Protein-based assemblies with ordered nanometer-scale features in three dimensions are of interest as functional nanomaterials but are difficult to generate. Here we report that a truncated S-layer protein assembles into stable bilayers, which we characterized using cryogenic-electron microscopy, tomography, and X-ray spectroscopy. Read more »
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In January 2013, the U.S. Food and Drug Administration approved NESINA for the treatment of type 2 diabetes in adults as an adjunct to diet and exercise. NESINA was invented by scientists at Takeda California, who used ALS Beamlines 5.0.2 and 5.0.3 to collect x-ray diffraction data.
Spin-coating is extensively used in the lab-based manufacturing of organic solar cells, including most of the record-setting cells. Aram Amassian and co-workers report in this study the first direct observation of photoactive layer formation as it occurs during spin-coating. The study provides new insight into mechanisms and kinetics of bulk heterojunction formation, which may be crucial for successful transfer to printing processes and scaling up production. Read more »
Gathering information on the evolution of small cracks in ceramic matrix composites used in hostile environments such as in gas turbines and hypersonic flights has been a challenge. It is now shown that sequences of microcrack damage in ceramic composites under load at temperatures up to 1,750 °C can be fully resolved with the use of in situ synchrotron x-ray computed microtomography. Read more »
HP Labs researchers have tackled a decades-old mystery relying on powerful ALS microscopy techniques—to better understand the fourth basic circuit element: the memristor. The memristor (short for “memory resistor”) joins the other passive elements—the capacitor, the resistor, and the inductor—to create a device with the ability to “remember” changes even when it loses power. Commercial development based on memristors offers the promise of computing systems with highly advanced energy efficiency and memory retention. Memristor-based memory could be a strong competitor for current flash memory.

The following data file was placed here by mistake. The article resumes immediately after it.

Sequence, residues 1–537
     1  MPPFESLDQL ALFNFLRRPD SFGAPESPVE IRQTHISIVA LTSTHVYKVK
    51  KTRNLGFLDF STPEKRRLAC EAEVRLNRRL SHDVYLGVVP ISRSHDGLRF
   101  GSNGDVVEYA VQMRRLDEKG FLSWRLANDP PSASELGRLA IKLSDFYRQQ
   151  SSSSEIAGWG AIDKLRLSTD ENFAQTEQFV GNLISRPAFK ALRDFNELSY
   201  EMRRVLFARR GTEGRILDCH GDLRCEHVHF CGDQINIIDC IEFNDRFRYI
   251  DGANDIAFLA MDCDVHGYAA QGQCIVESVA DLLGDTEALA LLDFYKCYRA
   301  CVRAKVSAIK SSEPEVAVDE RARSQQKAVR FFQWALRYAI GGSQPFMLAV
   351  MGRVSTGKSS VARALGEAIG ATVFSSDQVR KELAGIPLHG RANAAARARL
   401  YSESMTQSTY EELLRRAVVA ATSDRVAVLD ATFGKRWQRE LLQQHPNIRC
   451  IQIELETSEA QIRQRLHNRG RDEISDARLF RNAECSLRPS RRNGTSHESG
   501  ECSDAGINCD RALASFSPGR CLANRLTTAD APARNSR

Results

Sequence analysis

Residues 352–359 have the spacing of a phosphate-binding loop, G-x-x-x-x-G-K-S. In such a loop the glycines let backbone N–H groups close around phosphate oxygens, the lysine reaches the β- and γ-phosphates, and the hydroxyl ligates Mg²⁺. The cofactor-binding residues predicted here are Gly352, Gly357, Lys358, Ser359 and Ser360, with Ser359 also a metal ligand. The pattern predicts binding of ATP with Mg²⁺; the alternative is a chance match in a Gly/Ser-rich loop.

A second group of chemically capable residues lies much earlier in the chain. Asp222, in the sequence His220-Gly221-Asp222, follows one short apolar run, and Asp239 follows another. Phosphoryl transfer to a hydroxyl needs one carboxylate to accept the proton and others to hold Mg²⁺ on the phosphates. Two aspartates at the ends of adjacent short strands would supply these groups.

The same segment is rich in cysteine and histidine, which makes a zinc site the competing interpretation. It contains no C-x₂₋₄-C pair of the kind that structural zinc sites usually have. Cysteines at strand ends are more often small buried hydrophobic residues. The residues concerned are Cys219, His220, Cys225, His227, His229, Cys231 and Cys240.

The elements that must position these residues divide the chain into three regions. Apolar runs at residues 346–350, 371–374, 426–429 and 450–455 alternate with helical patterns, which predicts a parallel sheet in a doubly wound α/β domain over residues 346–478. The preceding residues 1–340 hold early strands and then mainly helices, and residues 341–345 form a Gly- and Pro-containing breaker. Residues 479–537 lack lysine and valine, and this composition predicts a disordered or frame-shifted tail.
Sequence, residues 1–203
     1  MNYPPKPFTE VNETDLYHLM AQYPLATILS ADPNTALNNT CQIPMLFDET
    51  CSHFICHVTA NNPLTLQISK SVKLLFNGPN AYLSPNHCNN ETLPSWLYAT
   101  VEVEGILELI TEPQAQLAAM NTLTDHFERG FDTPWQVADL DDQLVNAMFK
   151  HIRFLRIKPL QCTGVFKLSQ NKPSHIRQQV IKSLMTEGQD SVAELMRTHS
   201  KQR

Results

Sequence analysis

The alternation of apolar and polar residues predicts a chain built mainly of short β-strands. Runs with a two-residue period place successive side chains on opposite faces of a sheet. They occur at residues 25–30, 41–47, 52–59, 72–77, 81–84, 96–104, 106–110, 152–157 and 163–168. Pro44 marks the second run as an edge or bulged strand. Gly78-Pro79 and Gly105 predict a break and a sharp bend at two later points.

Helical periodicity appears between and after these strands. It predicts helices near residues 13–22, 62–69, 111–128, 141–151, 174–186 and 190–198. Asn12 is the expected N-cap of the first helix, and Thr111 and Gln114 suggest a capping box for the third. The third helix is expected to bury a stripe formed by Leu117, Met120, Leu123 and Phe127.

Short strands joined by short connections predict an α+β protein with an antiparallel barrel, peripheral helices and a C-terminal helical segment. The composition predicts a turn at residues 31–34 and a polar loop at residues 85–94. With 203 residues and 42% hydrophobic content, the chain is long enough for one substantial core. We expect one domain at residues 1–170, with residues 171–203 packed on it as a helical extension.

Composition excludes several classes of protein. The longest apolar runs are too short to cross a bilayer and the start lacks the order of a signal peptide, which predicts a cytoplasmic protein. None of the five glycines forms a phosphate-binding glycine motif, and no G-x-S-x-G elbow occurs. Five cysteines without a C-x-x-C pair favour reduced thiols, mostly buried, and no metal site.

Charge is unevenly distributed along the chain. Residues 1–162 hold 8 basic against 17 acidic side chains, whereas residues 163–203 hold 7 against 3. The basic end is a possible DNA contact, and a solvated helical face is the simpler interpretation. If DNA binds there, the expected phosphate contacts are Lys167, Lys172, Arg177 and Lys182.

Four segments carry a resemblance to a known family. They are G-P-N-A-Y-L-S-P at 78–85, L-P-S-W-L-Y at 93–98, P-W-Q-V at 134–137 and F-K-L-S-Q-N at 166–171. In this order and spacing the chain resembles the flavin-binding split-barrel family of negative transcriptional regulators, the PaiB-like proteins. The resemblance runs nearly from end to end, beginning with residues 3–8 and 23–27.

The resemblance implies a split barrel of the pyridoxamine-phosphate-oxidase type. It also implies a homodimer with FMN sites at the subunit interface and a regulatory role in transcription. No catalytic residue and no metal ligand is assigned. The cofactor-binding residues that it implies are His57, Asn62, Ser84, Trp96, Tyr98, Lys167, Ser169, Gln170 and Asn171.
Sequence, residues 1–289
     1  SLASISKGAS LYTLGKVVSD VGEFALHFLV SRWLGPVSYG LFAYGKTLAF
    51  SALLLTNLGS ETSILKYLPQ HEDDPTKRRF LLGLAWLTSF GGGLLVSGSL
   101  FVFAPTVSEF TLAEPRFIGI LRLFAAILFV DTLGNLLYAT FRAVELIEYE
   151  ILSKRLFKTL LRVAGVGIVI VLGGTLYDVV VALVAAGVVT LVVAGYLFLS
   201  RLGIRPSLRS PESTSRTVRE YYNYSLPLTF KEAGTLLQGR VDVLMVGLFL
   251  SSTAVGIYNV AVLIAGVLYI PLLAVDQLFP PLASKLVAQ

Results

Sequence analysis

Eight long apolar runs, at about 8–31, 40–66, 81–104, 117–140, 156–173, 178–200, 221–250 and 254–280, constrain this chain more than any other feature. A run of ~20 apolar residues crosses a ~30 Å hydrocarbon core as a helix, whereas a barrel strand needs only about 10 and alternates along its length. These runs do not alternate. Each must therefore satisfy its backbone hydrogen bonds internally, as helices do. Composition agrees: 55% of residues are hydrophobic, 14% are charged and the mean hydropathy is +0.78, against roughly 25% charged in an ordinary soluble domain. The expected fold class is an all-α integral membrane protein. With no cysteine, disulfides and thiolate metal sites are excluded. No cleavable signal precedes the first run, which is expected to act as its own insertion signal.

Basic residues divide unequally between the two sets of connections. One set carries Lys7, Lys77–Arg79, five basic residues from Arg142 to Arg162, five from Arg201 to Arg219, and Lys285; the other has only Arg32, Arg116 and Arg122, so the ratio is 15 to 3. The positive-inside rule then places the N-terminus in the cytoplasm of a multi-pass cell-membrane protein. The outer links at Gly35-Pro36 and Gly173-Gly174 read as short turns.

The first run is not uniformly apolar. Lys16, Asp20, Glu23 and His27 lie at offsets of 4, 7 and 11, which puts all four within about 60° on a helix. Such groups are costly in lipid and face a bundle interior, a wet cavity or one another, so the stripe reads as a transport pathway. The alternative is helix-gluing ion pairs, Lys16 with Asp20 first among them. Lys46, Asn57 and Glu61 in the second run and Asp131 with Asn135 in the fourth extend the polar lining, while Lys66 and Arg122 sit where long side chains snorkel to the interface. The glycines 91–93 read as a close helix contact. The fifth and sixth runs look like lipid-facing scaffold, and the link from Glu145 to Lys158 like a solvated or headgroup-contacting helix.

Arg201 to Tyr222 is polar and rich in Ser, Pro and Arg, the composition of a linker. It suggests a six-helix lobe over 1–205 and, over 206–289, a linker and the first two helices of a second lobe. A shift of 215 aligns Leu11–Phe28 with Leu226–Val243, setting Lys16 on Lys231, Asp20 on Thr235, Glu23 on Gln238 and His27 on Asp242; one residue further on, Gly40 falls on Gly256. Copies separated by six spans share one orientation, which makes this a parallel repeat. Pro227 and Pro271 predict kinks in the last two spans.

Crystallographic Consulting has a varied client base that includes many of the participating research team (PRT) members at the Berkeley Center for Structural Biology (BCSB), which operates five ALS beamlines. Crystallographic Consulting also contracts beam time for another 10-12 companies. Most of their research supports pharmaceutical companies working on new treatments for metabolic diseases and cancer.
Alternatives to the current lithium-ion-based car batteries are at the forefront of the automotive industry’s research agenda—manufacturers want to build cars with longer battery life, and to do that they’re going to have to find new solutions. One promising battery material is magnesium (Mg)—it is more dense than lithium, it is safer, and the magnesium ion carries a two-electron charge, giving it potential as a more efficient energy source. Magnesium has a high volumetric capacity, which could mean more battery power in a smaller space. However, to bring Mg batteries to the commercial market, researchers must create new electrolytes with improved properties. The x-ray absorption spectroscopy (XAS) facilities at the ALS are vital to understanding the interfaces and active species in Mg batteries.
Understanding “whisker” growth—the spontaneous growth of long filament-like grains on the leads, or “legs,” of electronic components—is key to manufacturing reliable lead-free electrical and electronic equipment. Cisco Systems, one of the world’s largest networking equipment producers, has provided funding and technical support to a group of ALS users from Purdue University to research the mechanism and driving forces for whiskers, with the ultimate goal of defining effective mitigation measures.
Senior scientist Elke Arenholz has seen a lot of changes at Beamlines 4.0.2 and 6.3.1 since she arrived at the ALS in 2000, but what brought her here initially is still what keeps her passionate about her work–designing new instrumentation and working with the user community to optimize research capabilities. Read more »
With an increased demand for sustainable structures and efficient material use, the building industry is always looking for ways to extend their resources. Wood composites offer an opportunity to do this, saving building costs and in some cases increasing strength and durability. Researchers have used data gathered at the ALS to build a predictive computer simulation model that will provide insight into how certain wood species and adhesive types will interact. Technological advances are contributing to stronger, environmentally friendly composite materials that can be used in wood products such as furniture components or building materials.